Are San Francisco shops complying with t San Francisco
Are San Francisco shops complying with the city's 'cashless' ban?
SAN FRANCISCO — It's been a little more than a month since the ban on cashless shops in San Francisco came into effect. So how's it working? Michael Finney came out on your side with a secret shopper to figure out.
You might remember that cashless shops were making real breakthroughs into San Francisco, accelerating the shopping process, and doing away with the check-out line at Amazon Go.
Amazon Go Vice President, Gianna Puerini, said to 7OYS, "Customers just walk in, take whatever they want, and then go out if they are done shopping."
The method was quicker if you owned a smartphone, downloaded an app, and got a credit card. However, there were doubts about the "unbanked"— those without entry to a bank account. How are they going to purchase items? These concerns were discussed when the San Francisco Supervisory Board banned most credit and debit card-only companies.
Supervisor Vallie Brown introduced the measure, saying, "I always say cash is king, and if you have cash, you should be able to go anywhere you want." The new rules were in effect more than a month, so it was time to see if companies were complying with the new law.
The day before the law came into effect, Sweet Green still had a money tag on his front door. Yesterday, the sign was drawn and cash was accepted.
Amazon Go said that he was taking money in all of its stores— but before the ban was enforced, Michael Finney was told that money was not accepted at one location. After the ban came into effect, a 7 On Your Side Secret shopper went to the shop and cash was accepted. The secret shopper tested the other locations of Amazon Go and money was always accepted.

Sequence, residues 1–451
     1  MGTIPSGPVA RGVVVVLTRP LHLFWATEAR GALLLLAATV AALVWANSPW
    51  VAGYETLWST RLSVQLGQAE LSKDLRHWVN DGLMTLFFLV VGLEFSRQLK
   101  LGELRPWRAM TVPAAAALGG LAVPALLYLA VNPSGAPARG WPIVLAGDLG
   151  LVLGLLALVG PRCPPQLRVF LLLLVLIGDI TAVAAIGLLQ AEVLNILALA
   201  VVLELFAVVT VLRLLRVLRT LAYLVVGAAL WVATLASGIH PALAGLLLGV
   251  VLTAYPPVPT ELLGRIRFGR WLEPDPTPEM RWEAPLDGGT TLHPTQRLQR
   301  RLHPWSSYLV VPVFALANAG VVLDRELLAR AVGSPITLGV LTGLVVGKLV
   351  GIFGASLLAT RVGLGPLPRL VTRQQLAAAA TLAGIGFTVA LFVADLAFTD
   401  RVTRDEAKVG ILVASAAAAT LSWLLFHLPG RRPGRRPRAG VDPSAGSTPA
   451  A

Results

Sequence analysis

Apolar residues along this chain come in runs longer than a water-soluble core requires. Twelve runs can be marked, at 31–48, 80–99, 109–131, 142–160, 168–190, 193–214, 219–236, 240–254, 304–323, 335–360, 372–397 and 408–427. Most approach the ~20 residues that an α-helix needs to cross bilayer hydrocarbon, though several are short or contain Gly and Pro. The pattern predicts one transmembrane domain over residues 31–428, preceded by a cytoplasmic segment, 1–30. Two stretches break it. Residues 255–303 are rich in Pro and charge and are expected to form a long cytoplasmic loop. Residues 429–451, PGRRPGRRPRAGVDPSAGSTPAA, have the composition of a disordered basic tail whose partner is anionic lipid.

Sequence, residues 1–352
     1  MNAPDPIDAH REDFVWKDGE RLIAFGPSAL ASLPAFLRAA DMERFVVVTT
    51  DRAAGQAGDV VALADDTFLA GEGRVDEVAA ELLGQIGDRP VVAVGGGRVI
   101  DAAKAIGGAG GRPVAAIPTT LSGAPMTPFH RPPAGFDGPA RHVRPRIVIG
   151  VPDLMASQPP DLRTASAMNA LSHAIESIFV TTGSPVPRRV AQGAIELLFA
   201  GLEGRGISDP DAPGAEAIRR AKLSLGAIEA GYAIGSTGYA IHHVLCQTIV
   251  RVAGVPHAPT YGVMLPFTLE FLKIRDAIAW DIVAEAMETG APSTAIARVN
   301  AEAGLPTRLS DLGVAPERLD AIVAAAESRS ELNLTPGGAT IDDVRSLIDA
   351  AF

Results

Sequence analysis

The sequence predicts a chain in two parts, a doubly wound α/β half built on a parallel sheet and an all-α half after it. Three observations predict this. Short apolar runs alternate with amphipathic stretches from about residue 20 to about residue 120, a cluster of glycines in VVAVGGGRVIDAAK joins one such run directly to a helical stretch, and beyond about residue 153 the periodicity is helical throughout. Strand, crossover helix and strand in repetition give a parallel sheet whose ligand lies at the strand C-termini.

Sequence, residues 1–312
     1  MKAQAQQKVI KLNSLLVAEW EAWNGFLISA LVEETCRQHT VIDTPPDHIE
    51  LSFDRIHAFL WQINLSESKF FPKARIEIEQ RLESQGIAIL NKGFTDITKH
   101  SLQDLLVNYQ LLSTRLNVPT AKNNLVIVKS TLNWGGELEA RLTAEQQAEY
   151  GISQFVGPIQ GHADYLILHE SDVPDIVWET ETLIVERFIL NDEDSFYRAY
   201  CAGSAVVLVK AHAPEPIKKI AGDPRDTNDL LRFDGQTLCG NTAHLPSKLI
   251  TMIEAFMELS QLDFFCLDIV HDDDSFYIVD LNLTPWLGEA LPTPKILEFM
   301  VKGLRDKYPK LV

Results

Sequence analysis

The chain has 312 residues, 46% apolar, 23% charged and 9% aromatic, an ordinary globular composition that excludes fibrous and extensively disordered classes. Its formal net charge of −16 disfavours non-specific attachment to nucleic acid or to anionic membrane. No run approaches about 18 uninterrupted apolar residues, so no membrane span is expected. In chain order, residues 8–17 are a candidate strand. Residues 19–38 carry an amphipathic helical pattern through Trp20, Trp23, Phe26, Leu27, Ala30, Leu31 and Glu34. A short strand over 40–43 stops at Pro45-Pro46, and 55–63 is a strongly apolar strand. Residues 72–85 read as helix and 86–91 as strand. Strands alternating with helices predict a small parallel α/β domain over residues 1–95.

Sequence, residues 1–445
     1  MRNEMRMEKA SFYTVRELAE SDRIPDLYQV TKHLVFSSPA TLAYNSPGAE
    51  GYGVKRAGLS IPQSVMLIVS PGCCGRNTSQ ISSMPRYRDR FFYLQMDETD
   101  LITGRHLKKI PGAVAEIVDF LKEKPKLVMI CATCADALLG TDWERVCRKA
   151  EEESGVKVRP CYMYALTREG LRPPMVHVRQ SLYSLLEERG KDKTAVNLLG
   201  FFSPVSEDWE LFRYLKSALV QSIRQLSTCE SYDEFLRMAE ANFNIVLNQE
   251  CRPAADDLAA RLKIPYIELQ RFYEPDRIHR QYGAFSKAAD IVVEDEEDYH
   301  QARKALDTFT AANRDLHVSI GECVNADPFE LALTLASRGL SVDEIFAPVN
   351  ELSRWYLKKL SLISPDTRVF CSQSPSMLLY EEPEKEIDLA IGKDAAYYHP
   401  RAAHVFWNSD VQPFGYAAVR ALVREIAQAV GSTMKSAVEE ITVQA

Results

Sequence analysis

A 7 On Your Side Viewer asked us to test out The Organic Coup restaurant. After the cashless ban came into effect, the store still had signs that said no cash had been accepted. Finney, however, went in and was able to pay a bill of ten dollars. The signs have been removed now.
Supervisor Vallie Brown argues that there is a good reason for companies to comply: severe fines. "They can fine you $100 for your first offense, and then if you still don't take cash, it will rise gradually, and your third is a thousand dollars, and it's a misdemeanor."
Only three types of businesses are allowed to reject cash: pop-ups, food trucks, and professionals such as doctors and lawyers. If you experience someone else who doesn't take cash, please let 7 on your side know.
Firefighters battle huge fire in a warehouse in San Francisco
A massive fire broke out in a warehouse in San Francisco on Saturday morning at San Francisco's Pier 45. Fire Department controlled it.
According to the San Francisco Fire Department, the fire started at around 4:15 a.m. At that time, no one was in the Warehouse.
Firefighters responded to the area of Taylor and Jones Street as the fire was first reported as a 1-alarm, but it grows up to become a 4-alarm.
The fire took more than a hundred fire units and 45 fire trucks to get diminished, and among these, one fire truck got damaged.
According to the fire officials, a part of the building collapsed, and the flames of fire reached above 100 feet of height.
One firefighter got an injury in his hand and arm and has immediately taken to a hospital. No other injuries were reported from the scene.
Lieutenant Jonathan Baxter said that
the firefighters were able to save the historic SS Jeremiah O'Brien and the museum on the pier.
"The fireboat St. Francis, San Francisco Fireboat 3, was put in the position to protect the historic Jeremiah O'Brien vessel. The St. Francis, per my operations chief, saved the Jeremiah O'Brien vessel," Lt. Jonathan Baxter said.
Long Island’s Bagel Boss is soon starting home delivery
A staple breakfast spot of Long Island people is the Bagel Boss, which is being run by sixth-generation.
Due to pandemics, many of their outlets are closed, and people are unable to reach their bagels. For this, Alex Rosner, the General manager of Bagel Boss, is launching an online platform to deliver bagels to homes across the country.